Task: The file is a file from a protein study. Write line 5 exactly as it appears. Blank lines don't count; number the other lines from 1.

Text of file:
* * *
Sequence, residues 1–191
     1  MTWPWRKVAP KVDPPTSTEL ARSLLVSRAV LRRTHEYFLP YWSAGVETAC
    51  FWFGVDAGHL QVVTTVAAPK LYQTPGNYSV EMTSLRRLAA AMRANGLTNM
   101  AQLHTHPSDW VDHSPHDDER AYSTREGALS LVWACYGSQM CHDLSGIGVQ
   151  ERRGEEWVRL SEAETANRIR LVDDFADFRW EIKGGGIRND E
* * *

   151  ERRGEEWVRL SEAETANRIR LVDDFADFRW EIKGGGIRND E